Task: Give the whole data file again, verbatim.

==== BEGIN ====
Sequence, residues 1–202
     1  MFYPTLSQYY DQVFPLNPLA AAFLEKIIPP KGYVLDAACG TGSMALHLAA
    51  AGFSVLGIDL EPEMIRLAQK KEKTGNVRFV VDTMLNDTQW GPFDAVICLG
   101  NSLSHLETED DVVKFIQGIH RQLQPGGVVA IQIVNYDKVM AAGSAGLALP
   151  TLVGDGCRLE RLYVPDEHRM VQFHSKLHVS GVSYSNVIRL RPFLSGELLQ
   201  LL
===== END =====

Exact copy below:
Sequence, residues 1–202
     1  MFYPTLSQYY DQVFPLNPLA AAFLEKIIPP KGYVLDAACG TGSMALHLAA
    51  AGFSVLGIDL EPEMIRLAQK KEKTGNVRFV VDTMLNDTQW GPFDAVICLG
   101  NSLSHLETED DVVKFIQGIH RQLQPGGVVA IQIVNYDKVM AAGSAGLALP
   151  TLVGDGCRLE RLYVPDEHRM VQFHSKLHVS GVSYSNVIRL RPFLSGELLQ
   201  LL